First up, is Hinterland Punch that is as pretty as a nosegay.

Hinterland Punch

Created by Josh Mazza

Serves 6-8


12oz Jägermeister

5 oz Grenadine

10 oz Ruby Red Grapefruit

20 oz Roobis tea

1 Bottle (26 oz) Sparkling Rosé

8 oz raspberries

8 oz strawberries


Add edible flowers to tea and freeze in a bread pan. Combine other ingredients in a punch bowl. Add frozen tea/flowers.


Cut berries and add into punch.

Aperol Spritz
This is one of my most favorite go-to summer drinks. And this year, I made it for our annual Independence Day Fireworks / Birthday Party event

Every year I put out a hostess drink on the kitchen island so that when guests arrive I can offer them a warm welcome and a refreshing drink with gracious hospitality.

This is the prep and testing -- the crystal glasses came out later!

You could readily set this up for a shower either on an island or on a hostess cart.


1 part Aperol

2 parts Sparkling white wine or Prosecco

3 parts Q Club Soda

I added 1 part homegrown Rhubarb simple syrup


Build cocktail over ice in a tall collins glass or white wine glass or a small cordial glass. Or a punch bowl

Orange Twist or quarter "smile"

photo: Pinterest
My Finishing Touches Garnish is to add a homegrown garden sprig of orange thyme clipped to the glass with a teeny-tiny clothes pin -- orange-colored, of course. The essential oil in the herb gives a hint of earthy, refreshing orange with every sip. Bellissimo!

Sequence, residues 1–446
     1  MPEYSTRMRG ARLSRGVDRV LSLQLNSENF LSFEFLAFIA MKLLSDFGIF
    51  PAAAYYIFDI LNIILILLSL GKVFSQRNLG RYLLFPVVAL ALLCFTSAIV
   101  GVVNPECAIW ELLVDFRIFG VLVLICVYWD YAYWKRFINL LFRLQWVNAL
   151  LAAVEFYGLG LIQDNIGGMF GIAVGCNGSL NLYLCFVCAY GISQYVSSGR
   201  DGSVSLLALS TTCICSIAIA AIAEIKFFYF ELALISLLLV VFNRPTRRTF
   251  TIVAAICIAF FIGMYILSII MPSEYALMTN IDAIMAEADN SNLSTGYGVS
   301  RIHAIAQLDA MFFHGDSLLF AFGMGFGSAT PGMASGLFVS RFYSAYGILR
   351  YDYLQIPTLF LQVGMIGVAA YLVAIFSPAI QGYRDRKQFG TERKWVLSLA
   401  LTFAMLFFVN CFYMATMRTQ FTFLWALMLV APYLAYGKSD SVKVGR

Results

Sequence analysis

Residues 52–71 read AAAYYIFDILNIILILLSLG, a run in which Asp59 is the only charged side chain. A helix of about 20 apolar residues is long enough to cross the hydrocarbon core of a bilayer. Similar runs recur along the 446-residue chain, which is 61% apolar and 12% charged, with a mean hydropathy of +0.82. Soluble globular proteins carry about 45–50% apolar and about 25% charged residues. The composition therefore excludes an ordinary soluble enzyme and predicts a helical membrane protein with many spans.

You can also use the recipe in a punch bowl - and float the oranges and herbs.

I make a special ice ring for pure punch pizzazz.

My famous bridal punch with the rose wreath encased in ice mold is a favorite with the “ladies who lunch.”

This is a dreamy, special bit of floating florals surrounded by a peachy or pink punch confection. It never fails to elicit the oohs and ahhs that something pretty and out of the ordinary does to our senses.

How To:
photo: Pinterest
Photo: Pinterest
Photo: Pinterest
To make a Finishing Touches ice mold, simply fill a bundt pan three-quarters of the way full of distilled water. The distilled water has the impurities removed so the ice will be crystal clear -- the icicle white by-product of freezing tap water will not allow the visual delight of the blossoms or berries to be the star of the show.

When the water is frozen, add in an edible floral, herb, citrus peel or berry of choice. I’ve used rose petals, lavender, johnny jump-ups, and cranberries. You can match the bride’s colors or match to the tablescape.

Then add in another layer of distilled water on top of the fruit or herbs and freeze.

Take out of the mold when you’re ready to serve the punch, warming the bottom and sides with warm water -- I just run the tap a bit and use my hands to warm the pan. You could also set in a pan of warm water for a bit - especially if you’re preparing another dish and have water on the stove.

When you can see the ice is loose in the pan, turn over into the punch bowl. The mold will float while your guests enjoy the pretty and delicious punch. In the end, you’ll have a ring of flowers or blossoms in the bowl.